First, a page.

A Deadly Pathogen Found in California Redwoods and
This is Science Today. Plant pathologists were recently
stunned to learn that a deadly pathogen that's killing
thousands of coastal oak trees in the West, has
also been found in California's coastal Redwood
trees and in Douglas fir saplings. It's called sudden
oak death syndrome and according to David Rizzo
of the University of California, Davis, it was first
discovered in California in 1995.
We think the main cause of sudden oak death is a
fungus or fungus-like organism known as Phytophthora
and that is what initially gets in there, it can
kill trees on its own, but often it will stress
trees that other organisms can also come in.
In large trees, Rizzo says the earliest symptoms
are a bleeding or oozing coming directly out of
As the tree goes on it shows less vigor and
often times though, the tree will apparently appear
to die over a period of a few weeks, but the tree
has probably already been infected for quite a while
Researchers are not yet sure how the disease
will impact redwoods and firs. For Science Today,
I'm Larissa Branin.
Interest in Facial Expression Analysis
This is Science Today. In the last year, national
intelligence agencies have become more interested
in the research of Dr. Paul Ekman, a psychologist
at the University of California, San Francisco, who
has been analyzing facial expressions for over four
Ekman: I first became interested
in looking at expression and gesture when I was a
graduate student and I first started to observe behind
a one-way mirror, group therapy sessions and I thought
that so much of what was going on wasn't in the words
alone, but it was in the expression and the gestures.
Narrator: Since then, Ekman has identified
19 different smiles and analyzed thousands of facial
expressions with a measurement system he created.
His work uncovering the true feelings behind otherwise
deceptive gestures is now being sought by agencies
It takes us about 12 hours to teach people and give
them enough practice so that they can actually use
it in their day-to-day work.
Science Today, I'm Larissa Branin.
A Less Invasive, More Accurate Approach to Diagnosing
Certain Kinds of Cancer
is Science Today. Endoscopic ultrasound is a new technology,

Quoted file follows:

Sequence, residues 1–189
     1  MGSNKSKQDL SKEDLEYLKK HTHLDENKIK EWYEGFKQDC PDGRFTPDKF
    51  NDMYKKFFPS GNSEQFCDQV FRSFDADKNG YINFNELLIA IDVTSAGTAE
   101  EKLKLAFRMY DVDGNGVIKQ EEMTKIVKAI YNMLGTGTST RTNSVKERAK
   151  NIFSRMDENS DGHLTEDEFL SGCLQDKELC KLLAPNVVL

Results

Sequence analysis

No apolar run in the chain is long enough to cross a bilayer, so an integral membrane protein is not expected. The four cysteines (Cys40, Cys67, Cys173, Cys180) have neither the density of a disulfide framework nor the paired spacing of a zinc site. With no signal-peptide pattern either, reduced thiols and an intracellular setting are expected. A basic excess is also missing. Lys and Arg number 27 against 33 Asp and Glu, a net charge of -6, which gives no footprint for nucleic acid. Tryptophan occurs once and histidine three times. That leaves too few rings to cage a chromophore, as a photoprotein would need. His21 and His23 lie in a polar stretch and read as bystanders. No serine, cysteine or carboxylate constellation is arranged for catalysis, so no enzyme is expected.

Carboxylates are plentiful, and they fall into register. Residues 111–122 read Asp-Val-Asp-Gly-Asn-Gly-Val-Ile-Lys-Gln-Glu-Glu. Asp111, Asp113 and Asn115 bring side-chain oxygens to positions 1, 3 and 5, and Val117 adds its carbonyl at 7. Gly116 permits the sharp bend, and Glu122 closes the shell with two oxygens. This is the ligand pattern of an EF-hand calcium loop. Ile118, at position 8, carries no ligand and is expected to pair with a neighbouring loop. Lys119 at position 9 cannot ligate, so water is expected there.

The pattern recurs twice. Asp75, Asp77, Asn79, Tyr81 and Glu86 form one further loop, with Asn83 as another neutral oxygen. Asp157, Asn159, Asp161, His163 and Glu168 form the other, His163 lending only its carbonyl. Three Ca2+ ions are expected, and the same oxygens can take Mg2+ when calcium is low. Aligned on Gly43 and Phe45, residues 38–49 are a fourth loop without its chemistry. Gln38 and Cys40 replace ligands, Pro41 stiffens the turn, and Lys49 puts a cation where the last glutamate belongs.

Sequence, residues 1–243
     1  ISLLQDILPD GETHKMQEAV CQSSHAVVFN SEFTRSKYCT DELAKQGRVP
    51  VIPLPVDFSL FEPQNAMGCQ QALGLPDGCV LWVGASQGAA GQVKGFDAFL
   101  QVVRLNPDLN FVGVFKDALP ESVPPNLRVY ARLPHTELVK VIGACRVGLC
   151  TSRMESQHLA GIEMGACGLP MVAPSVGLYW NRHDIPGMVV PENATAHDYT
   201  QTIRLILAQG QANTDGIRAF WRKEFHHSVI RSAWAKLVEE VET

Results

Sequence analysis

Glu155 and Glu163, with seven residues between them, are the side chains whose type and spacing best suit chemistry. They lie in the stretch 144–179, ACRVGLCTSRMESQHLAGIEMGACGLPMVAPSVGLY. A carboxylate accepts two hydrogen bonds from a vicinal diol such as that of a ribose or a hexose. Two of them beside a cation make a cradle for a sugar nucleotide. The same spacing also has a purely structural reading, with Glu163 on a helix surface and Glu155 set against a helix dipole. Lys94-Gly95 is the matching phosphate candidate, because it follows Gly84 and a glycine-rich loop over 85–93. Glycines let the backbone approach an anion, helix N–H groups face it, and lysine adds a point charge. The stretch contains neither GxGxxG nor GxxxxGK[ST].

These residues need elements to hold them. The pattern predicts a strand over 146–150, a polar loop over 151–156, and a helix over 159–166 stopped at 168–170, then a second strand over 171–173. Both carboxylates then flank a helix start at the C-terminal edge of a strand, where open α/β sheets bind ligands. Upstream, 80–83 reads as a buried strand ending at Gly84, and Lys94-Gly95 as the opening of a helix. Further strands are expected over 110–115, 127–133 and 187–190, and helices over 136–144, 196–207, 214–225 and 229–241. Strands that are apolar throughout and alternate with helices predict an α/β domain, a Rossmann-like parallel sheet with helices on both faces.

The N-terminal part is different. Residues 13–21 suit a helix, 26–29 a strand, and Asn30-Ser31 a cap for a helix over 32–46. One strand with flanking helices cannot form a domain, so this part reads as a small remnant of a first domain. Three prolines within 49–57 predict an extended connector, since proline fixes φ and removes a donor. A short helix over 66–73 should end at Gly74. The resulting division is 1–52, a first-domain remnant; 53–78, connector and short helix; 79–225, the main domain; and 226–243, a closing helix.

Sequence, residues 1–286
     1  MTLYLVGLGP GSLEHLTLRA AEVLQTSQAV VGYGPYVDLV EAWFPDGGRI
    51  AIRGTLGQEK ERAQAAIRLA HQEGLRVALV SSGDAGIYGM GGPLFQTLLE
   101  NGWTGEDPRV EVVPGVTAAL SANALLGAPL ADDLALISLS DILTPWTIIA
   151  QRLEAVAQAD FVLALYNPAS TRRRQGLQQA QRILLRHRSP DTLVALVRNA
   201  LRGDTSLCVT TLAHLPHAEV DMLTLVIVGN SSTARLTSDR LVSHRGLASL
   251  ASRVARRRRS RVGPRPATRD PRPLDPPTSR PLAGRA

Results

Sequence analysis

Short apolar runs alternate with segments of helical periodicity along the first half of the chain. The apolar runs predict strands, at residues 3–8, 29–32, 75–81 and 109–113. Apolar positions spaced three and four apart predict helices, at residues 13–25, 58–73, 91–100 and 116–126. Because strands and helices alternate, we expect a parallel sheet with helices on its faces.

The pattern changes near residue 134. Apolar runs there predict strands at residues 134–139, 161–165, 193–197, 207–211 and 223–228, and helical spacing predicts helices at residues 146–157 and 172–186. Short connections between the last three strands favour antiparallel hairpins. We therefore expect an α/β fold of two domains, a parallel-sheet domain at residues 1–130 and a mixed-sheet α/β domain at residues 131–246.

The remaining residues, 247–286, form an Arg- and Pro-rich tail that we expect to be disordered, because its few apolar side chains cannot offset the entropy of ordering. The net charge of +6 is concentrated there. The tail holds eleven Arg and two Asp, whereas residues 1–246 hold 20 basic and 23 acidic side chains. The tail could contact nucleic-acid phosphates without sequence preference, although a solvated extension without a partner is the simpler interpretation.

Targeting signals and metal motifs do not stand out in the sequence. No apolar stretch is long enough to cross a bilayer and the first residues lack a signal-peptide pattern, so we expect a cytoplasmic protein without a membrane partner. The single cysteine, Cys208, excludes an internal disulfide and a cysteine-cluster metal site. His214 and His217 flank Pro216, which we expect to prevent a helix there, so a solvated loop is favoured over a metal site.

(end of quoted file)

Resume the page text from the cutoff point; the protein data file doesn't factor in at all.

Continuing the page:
which combines video endoscopy with ultrasound. At
the University of California, Irvine, Dr. Kenneth
Chang, a gastrointestinal oncologist, is using this
technique to provide a less invasive and more accurate
approach to diagnosing certain kinds of cancer.
From inside, we can image structures and organs,
such as the pancreas, gall bladder and liver, and
we can also look at the extent of tumors through the
wall of the stomach, esophagus, and make a definite
Chang says this is especially helpful to the patient,
since it eases the anxiety of wondering whether or
not cancer is present.
In patients who we find cancer, endoscopic ultrasound
is very useful for looking at the stage or the extent
that the tumor has progressed, and we're also able
to help the patient pick the best therapy, based on
the extent of their disease.
Currently, there are about 150 hospitals nationwide
using endoscopic ultrasounds. For Science Today, I'm
Better Detection of a Nefarious Disease
This is Science Today. Plague - a disease that has
caused three world epidemics during the course of
human history and killed millions of people - is still
endemic in some parts of the world. Researcher Bert
Weinstein of the Lawrence Livermore National Laboratory
has developed a quick detection system for plague,
which he says really is a nefarious disease.
It manages to make its living by killing all of its
hosts. It kills the flea essentially by starving it
to death and causing the flea to want to bite everything
it can in sight because it's trying to feed and in
the process, spreading the disease, then it kills
the other animals - rodents, or in the case of humans
- humans. And if there are any fleas on those animals,
when the animal dies, they jump off going looking
for new hosts.
Weinstein says another problem with plague is the
generality of the flu-like symptoms.
Plague is very treatable with antibiotics if caught
early, so I think the main thing is just being aware
of any potential exposure.
For Science Today, I'm Larissa Branin.
The Psychological Impact of 9/11 Still Lingers
This is Science Today. It's been over a year, but
the national, psychological impact of September 11th
is still lingering - and not just in New York City.
A University of California, Irvine study found that
six months after the attacks, six percent of the population
outside of New York reported symptoms of posttraumatic
stress disorder. Psychologist Roxane Cohen Silver,
led the study.
Silver: It is important for us to recognize that
people did not have to be directly exposed to the
trauma to maybe have some kind of psychological response
The study also found that those who tended to 'give
up' or disengage, were more likely to be distressed.
The more traumas you had had in your life, the more
likely you were to disengage. But, it wasn't as simple
as that because some people disengaged who had not
have prior trauma. What really seems to help us understand
who would remain distressed were the early strategies
that people used to cope with the trauma.
Science Today, Larissa Branin.